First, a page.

Meeting test score standards – by lowering the bar

Today’s Wall Street Journal highlights a report for the U.S. Government’s National Center for Education Statistics. In case you have trouble following the link, here’s the discouraging news:

“Eight states have raised their standards for passing elementary-school math and reading tests in recent years, but these states and most others still fall below national benchmarks, according to a federal report released Wednesday.”

The data help explain the disconnect between the relatively high pass rates on many state tests and the low scores on the national exams, known as the National Assessment of Educational Progress.

In fourth-grade reading, for example, 35 states set passing bars that are below the “basic” level on the national NAEP exam. “Basic” means students have a satisfactory understanding of material, as opposed to “proficient,” which means they have a solid grasp of it. Massachusetts is the only state to set its bar at “proficient” — and that was only in fourth- and eighth-grade math.”

Utah shows up on the chart featured in the article, by the way. State reading standards fall almost 15 points below basic.

The article continues: “The report from the National Center for Education Statistics, an arm of the U.S. Department of Education, is certain to reinvigorate calls to overhaul No Child Left Behind. Critics of the federal education law, including U.S. Secretary of Education Arne Duncan, contend states watered down their exams to meet the law’s requirement that 100% of students taking state math and reading exams are passing by 2014.”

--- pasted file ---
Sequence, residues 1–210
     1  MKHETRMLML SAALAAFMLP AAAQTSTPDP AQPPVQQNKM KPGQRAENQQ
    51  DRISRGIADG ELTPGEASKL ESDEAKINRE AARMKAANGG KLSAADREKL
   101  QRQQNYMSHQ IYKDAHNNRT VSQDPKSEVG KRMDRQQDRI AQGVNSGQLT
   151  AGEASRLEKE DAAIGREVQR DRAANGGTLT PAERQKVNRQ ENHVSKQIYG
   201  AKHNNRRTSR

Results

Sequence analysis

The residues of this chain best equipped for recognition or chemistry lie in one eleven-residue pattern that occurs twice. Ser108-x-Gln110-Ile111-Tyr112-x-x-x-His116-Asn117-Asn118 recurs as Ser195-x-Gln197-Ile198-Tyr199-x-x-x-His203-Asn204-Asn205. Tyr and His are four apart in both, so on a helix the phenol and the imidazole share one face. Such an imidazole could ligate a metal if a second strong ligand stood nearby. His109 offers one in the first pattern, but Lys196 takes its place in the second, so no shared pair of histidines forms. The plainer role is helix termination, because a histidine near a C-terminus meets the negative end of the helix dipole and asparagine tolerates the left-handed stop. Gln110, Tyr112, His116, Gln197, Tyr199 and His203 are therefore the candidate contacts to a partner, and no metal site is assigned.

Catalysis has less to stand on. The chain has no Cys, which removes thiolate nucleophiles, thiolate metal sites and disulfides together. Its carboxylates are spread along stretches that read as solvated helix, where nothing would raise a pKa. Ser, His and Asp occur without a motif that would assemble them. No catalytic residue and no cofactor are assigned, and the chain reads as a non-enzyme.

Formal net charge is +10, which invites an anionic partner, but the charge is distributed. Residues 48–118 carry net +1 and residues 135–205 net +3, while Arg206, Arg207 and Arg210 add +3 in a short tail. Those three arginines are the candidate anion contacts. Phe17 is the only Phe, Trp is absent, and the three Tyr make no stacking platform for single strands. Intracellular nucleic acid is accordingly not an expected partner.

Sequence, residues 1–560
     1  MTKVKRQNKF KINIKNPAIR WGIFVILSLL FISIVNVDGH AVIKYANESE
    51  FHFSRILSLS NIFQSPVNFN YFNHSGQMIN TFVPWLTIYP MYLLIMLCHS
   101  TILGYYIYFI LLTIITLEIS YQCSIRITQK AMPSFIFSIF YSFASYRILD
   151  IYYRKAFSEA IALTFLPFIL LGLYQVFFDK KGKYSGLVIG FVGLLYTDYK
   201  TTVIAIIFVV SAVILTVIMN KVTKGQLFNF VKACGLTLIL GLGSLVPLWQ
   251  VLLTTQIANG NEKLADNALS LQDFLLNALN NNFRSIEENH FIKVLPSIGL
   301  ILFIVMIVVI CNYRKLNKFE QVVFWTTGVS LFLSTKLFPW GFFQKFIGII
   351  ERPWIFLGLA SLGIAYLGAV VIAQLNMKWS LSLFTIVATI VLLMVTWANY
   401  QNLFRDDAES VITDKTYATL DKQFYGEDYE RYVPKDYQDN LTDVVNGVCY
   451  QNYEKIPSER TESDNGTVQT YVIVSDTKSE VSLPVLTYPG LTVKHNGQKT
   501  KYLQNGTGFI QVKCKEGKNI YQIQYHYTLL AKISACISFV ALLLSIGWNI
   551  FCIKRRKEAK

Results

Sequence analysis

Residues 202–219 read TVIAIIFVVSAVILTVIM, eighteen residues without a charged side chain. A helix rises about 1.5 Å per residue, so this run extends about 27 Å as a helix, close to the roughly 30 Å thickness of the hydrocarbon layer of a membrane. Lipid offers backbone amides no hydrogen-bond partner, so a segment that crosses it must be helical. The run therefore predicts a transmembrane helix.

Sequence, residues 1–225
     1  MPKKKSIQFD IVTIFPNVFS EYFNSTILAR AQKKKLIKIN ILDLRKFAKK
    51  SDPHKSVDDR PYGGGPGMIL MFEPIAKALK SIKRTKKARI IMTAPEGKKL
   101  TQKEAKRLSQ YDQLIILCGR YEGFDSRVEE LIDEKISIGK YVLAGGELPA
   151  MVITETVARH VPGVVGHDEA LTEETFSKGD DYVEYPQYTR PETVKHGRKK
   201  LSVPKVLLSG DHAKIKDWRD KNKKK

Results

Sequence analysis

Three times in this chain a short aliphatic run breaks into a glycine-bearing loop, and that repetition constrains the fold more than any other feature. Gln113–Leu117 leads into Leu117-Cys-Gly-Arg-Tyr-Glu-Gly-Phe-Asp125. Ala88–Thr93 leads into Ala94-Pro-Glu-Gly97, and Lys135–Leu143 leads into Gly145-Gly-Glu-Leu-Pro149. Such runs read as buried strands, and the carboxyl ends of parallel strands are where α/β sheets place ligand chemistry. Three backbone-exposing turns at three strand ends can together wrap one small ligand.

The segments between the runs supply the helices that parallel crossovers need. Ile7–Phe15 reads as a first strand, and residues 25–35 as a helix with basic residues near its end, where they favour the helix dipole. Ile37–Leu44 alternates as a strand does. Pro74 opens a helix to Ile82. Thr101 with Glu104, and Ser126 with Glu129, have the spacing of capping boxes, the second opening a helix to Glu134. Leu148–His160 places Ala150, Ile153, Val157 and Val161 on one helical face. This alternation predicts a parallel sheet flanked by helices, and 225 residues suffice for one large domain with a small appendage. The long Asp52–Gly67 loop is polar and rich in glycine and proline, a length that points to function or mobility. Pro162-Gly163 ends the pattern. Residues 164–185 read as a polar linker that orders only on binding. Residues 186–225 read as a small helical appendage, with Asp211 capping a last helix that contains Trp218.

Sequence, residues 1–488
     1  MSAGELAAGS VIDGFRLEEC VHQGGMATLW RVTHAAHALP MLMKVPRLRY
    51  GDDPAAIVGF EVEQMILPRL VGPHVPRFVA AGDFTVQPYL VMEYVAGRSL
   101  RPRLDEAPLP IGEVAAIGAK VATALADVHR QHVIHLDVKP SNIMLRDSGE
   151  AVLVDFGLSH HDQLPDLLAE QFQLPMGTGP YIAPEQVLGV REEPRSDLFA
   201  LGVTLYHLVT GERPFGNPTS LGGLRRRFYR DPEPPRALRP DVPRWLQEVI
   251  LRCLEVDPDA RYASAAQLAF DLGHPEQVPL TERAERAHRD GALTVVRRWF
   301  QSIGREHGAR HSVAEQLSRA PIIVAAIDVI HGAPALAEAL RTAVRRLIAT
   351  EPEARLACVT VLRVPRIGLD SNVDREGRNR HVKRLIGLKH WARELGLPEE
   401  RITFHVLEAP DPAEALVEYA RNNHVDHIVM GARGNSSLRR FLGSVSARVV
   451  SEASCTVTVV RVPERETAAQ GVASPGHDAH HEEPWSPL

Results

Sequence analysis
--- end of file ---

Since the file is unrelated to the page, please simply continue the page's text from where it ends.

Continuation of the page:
Okay, so No Child is Left Behind is flawed because it measures results by tests . . . or because the test results are bad . . . or because the tests don’t set the bar high enough? Or all of the above? Hmm.

Even NCLB supporters recognize that the law set standards too rigidly, and potentially penalized even schools that had significantly improved student learning. But I still contend that the law has made one very valuable contribution to the education reform debate. It’s given us some data, however discouraging. Now let’s do something about it.

Here’s the link to the Journal article, which may not be available to non-subscribers.

Leave a comment encourages a civil dialogue among its readers. We welcome your thoughtful comments.